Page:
South Korea to halt work at joint industrial park with North Korea
South Korea has said it will suspend operations at a joint industrial park with North Korea in response to the North's recent rocket launch, the first time in the park's decade of operation that Seoul has halted work.
The move comes after North Korea on Sunday launched a long-range rocket considered by others as a banned missile technology test.
South Korean unification minister Hong Yong-pyo said the suspension of operations at Kaesong would stop the North from using hard currency from the industrial complex to develop nuclear and missile technology.
He said at a news conference that the park had provided 616 billion won (£355 million) of cash to North Korea since it broke ground in 2003.
The park is the last major co-operation project between the rivals.
Seoul will provide financial compensation to companies that operate at Kaesong, Mr Hong said, and will begin pulling South Koreans from the park on Thursday.
Combining South Korean initiative, capital and technology with the North's cheap labour, the park has been seen as a test case for reunification. Last year, 124 South Korean companies hired 54,000 North Korean workers to produce socks, wristwatches and other goods.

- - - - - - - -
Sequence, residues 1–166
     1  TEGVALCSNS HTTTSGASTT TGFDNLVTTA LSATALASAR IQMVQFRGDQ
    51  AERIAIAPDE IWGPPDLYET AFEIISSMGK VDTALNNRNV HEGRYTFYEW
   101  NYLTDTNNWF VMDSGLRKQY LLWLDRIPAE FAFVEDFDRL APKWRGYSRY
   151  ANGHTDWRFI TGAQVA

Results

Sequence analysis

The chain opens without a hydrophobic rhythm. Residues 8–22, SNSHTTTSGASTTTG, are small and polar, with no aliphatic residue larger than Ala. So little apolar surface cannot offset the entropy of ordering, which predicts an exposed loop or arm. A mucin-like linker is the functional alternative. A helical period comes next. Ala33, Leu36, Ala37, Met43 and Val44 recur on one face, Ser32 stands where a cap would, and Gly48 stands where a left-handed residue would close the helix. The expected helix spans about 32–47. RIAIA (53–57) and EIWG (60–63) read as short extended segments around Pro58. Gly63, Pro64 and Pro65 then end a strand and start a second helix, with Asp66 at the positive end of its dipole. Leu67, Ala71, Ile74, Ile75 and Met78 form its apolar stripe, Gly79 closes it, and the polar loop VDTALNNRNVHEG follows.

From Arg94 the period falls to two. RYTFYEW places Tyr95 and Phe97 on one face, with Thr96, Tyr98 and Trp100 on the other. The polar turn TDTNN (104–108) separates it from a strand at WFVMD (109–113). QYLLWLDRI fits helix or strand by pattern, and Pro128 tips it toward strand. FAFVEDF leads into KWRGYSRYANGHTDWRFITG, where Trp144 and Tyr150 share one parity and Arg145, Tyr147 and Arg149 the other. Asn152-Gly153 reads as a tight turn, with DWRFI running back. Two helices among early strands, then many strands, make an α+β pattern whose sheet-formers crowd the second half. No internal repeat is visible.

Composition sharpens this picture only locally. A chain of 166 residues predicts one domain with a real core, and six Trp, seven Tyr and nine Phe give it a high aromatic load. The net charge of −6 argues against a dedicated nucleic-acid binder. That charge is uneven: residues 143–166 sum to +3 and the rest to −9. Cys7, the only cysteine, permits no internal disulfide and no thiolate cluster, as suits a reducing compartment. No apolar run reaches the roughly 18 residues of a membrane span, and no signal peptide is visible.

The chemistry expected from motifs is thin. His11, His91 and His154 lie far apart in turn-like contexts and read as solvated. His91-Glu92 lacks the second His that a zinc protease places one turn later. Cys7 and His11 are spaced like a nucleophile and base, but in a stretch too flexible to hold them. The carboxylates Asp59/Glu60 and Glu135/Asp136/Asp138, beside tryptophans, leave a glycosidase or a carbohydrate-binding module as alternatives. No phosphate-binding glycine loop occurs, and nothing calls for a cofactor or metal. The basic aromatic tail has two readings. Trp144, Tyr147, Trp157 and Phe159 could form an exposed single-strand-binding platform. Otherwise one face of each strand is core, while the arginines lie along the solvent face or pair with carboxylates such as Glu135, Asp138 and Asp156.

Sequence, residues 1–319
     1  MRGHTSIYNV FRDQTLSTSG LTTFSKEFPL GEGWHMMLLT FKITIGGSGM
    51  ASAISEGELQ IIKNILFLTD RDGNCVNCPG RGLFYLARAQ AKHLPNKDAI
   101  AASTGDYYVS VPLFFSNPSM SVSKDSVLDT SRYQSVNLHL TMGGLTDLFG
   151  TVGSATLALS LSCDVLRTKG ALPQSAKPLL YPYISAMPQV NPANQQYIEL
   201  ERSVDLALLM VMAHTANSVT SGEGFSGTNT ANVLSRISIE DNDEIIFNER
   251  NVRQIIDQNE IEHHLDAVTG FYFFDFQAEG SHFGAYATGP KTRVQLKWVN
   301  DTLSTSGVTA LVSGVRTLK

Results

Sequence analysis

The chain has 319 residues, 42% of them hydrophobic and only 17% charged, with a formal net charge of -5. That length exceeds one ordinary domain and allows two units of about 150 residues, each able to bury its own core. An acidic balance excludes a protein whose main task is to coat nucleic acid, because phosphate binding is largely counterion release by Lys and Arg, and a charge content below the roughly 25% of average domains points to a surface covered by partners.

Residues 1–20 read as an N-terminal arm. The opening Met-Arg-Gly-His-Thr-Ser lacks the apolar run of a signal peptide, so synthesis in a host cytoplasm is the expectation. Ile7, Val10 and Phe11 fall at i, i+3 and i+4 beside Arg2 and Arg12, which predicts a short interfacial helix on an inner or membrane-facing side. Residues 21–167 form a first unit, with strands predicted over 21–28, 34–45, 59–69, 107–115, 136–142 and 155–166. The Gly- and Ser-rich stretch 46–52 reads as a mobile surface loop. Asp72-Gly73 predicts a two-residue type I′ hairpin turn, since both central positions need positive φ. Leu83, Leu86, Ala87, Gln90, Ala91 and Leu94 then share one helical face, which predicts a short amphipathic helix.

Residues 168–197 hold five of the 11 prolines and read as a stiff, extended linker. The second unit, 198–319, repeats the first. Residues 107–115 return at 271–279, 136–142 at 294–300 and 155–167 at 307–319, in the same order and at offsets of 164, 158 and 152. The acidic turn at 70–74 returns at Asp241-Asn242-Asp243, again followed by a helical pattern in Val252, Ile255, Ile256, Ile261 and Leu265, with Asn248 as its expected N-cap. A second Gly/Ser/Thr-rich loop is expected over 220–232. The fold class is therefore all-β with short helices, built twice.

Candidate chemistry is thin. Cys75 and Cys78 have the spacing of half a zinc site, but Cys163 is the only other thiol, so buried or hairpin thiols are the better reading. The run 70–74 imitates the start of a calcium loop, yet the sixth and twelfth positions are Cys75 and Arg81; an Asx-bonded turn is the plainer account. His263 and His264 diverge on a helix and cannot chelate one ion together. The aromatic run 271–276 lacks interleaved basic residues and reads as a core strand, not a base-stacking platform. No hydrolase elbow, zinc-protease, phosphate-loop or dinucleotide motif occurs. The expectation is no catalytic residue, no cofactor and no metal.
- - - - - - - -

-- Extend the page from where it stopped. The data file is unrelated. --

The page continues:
South Korea's government and companies invested more than a trillion won (£577 million) to pave roads and erect buildings in the zone, which lies in a guarded, gated complex on the outskirts of Kaesong, North Korea's third-largest city.
South Korean companies in Kaesong survived during past periods of tension that led to the suspension of other inter-Korean projects. A major interruption to the park's operation happened in 2013 when North Korea pulled out its workers in protest at South Korea's joint military drills with the US.
Meanwhile, Japan has announced it will impose new sanctions on North Korea to protest at the rocket launch.
The sanctions will include expanded restrictions on travel between the two countries and a complete ban on visits by North Korean ships to Japanese ports, chief cabinet secretary Yoshihide Suga said at a news conference.
He said the sanctions would be approved by the cabinet, and would require legislative changes in parliament.
The US is also considering more stringent sanctions on North Korea.